Among the major files leaked by Manning was the notorious “Collateral Murder” video, which shows US helicopter pilots firing on civilian targets with heavy weaponry while bantering with one another in a joking manner. Such occurrences were commonplace during the US war against Iraq, which was heavily promoted from the pages of the Times .

Also leaked by Manning were “war logs,” which contain hundreds of thousands of incident reports exposing the social devastation and dysfunction wrought by America’s neocolonial occupations of Iraq and Afghanistan. One of the cables transferred by Manning to WikiLeaks showed that US defense contractor DynCorp, which is paid nearly $2 billion annually by the US government, had purchased boys from human traffickers for a party the contractor held in Afghanistan.

Another cable publicized by Manning showed the head of Egyptian state security thanking the FBI for training his interrogators in more effective torture techniques during a training program in Virginia. Taken together, the documents brought forward by Manning implicate the US government in countless illegal activities spanning the entire globe.

Moreover, the Times makes no mention of Manning’s treatment over years of pre-trial confinement, or of President Barack Obama’s pre-trial assertion that Manning “broke the law”—a clear violation of the principle that the accused is innocent until proven guilty. Both of these represented sufficient reasons to dismiss the charges altogether.

Manning was tortured by US security services during years of pre-trial confinement. He began his detention in a wire cage in Kuwait, where he was held for two months after admitting to leaking the documents in an online conversation. After his transfer to the Marine Corps brig in Quantico, Virginia, he was placed on “prevention-of-injury” (POI) status, the prison’s maximum alert status.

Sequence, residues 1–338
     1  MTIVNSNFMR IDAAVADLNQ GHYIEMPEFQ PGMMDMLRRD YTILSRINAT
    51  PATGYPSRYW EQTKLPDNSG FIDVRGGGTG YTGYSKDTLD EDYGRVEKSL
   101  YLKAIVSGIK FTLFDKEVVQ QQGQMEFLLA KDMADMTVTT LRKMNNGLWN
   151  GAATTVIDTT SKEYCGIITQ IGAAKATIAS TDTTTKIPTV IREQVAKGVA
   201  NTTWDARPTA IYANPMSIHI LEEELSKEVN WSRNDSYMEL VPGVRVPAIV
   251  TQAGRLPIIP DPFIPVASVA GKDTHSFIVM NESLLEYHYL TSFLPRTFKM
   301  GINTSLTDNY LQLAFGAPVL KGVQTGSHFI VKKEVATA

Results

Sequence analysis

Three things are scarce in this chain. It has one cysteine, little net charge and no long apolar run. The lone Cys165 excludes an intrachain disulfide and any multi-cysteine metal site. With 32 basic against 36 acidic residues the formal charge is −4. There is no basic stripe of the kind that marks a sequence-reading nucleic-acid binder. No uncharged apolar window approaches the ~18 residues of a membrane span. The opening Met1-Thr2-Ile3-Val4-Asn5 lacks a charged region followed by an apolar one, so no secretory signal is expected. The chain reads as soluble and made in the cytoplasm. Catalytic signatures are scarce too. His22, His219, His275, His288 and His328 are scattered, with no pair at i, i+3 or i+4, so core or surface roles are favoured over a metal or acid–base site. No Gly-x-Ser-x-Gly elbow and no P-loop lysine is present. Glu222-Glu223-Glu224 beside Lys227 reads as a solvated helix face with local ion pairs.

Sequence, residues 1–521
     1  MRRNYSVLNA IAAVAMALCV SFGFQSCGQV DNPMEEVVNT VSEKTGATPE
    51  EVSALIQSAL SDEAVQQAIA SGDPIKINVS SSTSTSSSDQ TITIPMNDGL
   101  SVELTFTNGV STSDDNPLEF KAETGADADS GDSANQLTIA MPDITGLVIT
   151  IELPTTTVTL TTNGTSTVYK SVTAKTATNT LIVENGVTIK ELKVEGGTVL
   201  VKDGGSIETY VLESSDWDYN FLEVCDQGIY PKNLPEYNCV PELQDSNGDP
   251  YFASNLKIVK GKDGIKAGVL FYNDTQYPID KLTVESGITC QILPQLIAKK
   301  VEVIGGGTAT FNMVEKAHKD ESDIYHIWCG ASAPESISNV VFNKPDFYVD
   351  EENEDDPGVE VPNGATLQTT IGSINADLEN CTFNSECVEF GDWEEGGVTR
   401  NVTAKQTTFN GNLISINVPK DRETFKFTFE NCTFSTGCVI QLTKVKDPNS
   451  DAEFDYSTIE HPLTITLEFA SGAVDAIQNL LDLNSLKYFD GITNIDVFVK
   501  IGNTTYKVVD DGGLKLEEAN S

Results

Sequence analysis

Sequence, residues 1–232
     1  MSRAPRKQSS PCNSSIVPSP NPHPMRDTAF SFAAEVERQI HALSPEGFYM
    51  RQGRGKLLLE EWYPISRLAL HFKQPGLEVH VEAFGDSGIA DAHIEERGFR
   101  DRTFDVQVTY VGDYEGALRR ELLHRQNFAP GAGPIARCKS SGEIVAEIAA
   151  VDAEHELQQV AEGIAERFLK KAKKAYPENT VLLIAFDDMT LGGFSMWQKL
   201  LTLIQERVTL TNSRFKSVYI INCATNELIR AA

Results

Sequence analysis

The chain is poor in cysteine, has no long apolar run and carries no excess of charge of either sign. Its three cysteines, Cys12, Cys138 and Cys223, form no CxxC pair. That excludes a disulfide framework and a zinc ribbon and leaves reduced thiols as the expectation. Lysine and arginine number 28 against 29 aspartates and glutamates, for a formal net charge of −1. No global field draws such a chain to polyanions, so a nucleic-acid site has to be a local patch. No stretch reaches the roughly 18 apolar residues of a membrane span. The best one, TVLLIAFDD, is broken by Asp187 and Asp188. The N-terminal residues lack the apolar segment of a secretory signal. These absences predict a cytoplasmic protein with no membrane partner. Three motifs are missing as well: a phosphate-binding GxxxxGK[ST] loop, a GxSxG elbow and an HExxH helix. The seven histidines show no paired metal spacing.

According to Gunnery Sergeant William Fuller, who has worked in military prisons for 17 years, POI status is assigned for “a few days. No more than a week.” Manning remained on POI status for nine months. He was held in solitary confinement in a 6’ x 8’ cell, where he was forced to sleep from 1 p.m. to 11 p.m. and only allowed out of his cell for 20 minutes each day. Manning underwent extensive forced nudity and frequently had his underwear confiscated.

Judging from the online comments posted by the Times, the editorial endorsing Manning’s imprisonment has been met with widespread disgust among its own readers. One letter reflective of the general sentiment stated: “Manning should be pardoned and given a medal. Wall Street criminals go unpunished. War criminals go unpunished. The Times cheered on the Iraq War. The Times is in no position to judge Manning.”

Before his arrest Manning wrote: “If you had free rein over classified networks for long periods … and you saw incredible things, awful things … things that belonged in the public domain, and not on some server stored in a dark room in Washington DC … what would you do?”

One can answer: do not bring them to the New York Times, whatever you do!